If You Go

Round-trip: 2.5 miles

Elevation gain: 200 feet

Summit elevation: 1,670 feet

Directions: From Wilmington, take Bonnie­view Road to Silver Lake Road. Turn left and after about 7 miles, take a left at the fork, following Union Falls Road. After just over a mile, take a left onto Hawkeye Road. There is a small parking lot with the trailhead on the right.

New Land Trust Trail System, Saranac

When I first started hiking around the New Land Trust (NLT) trail system, I got lost. Every time. But it didn’t matter. With trail names like Destiny, Sunshine, and Stardust, how could I worry? Today, the 282-acre privately owned and operated property has worked hard to disseminate quality maps through signage, printouts and digital formats. The folks at NLT have also updated the trail system, highlighting five easy-to-navigate loops to make sure your experience is more Zen than Darkside.

People often think of NLT as just a snowshoeing and cross-country-skiing network, but it is a fantastic option year-round. Most of my visits happen in fall, when I can hike without fear because of the no-hunting policy and, depending on where I am on the property, the leaf-catching and crunching opportunities. The well-maintained trails are delightfully diverse. I can walk through pockets of apple trees one minute, sweet-smelling conifers the next, and then onto imposing hardwoods. NLT is quirky, too. My crew loves exploring the labyrinth at the Meadow and visiting the Hobbit House. Impressive stone walls, vestiges of the property’s pastoral past life, tie all these features together. Lichen, moss, fungi, ground pine and ground cedar all grow happily in this peaceful oasis. You can even plop yourself down with the sunshine and grasshoppers at Top Dead Center and lose yourself.

If You Go

Round-trip: varies

Elevation gain: minimal

Summit elevation: about 1,600 feet

Directions: Take Route 3 to Chazy Lake Road, in Saranac, which turns into Clark Hill Road. Take a right on Plumadore Road. You will see the parking for NLT after about 1 mile.

Bear Den Mountain, Wilmington

I worked at Whiteface Mountain for 10 seasons. Walking to the lodge from the parking lot, I always made note of the Bear Den Mountain trailhead. It wasn’t until well after I left the Mountain that I stumbled onto the trail, however. It had been one of those weeks. I felt overwhelmed, stressed and inexplicably angry, and was in desperate need of some trail therapy. My brain reached back to my days at Whiteface, and the nostalgia led me to Bear Den.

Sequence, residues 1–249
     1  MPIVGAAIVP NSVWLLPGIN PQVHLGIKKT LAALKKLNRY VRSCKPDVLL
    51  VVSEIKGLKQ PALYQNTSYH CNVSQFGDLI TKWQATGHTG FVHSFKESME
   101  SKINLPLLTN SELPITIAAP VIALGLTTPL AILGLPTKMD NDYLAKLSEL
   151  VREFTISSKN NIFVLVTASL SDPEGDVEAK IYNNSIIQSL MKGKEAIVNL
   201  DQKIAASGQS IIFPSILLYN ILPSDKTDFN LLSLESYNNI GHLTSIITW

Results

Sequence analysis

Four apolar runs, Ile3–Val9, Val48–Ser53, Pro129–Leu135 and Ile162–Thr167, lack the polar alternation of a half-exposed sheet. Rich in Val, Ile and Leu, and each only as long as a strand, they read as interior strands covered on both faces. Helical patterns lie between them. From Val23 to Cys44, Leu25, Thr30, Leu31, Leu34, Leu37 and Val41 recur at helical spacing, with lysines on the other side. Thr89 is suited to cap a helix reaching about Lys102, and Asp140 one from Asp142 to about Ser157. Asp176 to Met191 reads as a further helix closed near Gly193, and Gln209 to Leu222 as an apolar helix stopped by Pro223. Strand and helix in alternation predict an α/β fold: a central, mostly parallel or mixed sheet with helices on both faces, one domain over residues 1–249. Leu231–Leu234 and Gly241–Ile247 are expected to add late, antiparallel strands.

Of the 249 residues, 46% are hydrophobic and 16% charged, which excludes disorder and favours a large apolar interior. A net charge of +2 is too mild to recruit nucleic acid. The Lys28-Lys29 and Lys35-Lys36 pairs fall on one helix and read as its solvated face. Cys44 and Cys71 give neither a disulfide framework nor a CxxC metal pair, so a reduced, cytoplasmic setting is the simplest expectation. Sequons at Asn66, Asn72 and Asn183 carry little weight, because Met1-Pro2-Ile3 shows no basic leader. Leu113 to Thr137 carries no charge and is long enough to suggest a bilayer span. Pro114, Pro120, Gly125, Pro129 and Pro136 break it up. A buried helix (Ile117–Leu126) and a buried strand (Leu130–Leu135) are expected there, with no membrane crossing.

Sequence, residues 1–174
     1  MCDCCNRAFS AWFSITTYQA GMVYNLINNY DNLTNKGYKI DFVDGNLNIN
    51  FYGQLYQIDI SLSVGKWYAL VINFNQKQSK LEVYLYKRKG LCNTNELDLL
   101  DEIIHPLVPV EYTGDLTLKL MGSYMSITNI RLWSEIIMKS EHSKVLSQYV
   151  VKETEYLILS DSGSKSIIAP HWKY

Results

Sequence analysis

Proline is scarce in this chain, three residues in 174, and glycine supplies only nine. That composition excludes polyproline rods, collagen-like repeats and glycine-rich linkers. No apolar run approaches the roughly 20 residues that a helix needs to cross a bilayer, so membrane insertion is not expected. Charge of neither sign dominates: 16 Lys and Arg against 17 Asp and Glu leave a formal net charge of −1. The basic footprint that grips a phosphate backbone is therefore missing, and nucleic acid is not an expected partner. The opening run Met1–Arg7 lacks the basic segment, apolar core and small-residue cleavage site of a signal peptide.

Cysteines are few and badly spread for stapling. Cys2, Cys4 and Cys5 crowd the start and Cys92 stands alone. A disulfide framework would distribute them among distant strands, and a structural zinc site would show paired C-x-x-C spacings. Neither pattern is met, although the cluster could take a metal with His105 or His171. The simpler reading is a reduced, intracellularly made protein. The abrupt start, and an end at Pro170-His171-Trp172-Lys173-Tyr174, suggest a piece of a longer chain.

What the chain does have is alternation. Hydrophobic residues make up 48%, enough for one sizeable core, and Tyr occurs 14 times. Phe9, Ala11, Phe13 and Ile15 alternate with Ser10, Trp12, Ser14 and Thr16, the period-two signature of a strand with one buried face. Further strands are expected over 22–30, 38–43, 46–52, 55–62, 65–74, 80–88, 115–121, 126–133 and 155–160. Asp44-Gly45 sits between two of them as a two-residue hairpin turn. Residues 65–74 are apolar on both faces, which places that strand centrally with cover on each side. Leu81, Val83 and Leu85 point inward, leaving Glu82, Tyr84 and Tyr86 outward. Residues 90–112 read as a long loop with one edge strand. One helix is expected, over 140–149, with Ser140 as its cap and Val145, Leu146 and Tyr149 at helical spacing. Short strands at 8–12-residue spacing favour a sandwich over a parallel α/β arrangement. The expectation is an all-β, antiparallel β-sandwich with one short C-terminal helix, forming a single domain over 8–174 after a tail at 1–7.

After the hike, I sat in the car and felt full. Every sense had been stimulated, and the bliss I felt radiated out of me. Nature: the ultimate mood enhancer.

Bear Den Mountain is a short trail, but its incline will get your heart pumping. There is a babbling brook to soothe you before the incline starts, and then stopping to investigate the mushrooms and blueberry bushes will be the only reprieve. The only significant rock scrambles are close to the top, where the trail leads to the first opening. From here, a few cairns guide you to the true, spectacular summit. Its one-direction view of the valley and the Ausable River will take your breath away, and the fresh perspective of Whiteface’s trails isn’t too shabby, either. This is where I let the breeze and wide-open sky work their magic.

If You Go

Round-trip: 3.2 miles

Elevation gain: 1,160 feet

Summit elevation: 2,650 feet

Directions: Turn off of Route 86 into Whiteface Mountain ski center and continue over the bridge, turning right toward Bear Den Lodge. The trailhead is on the right as you enter the main parking lot for the lodge. Bear Den Mountain also links with the Flume Trail System, and can be accessed using the Flume trailhead on Route 86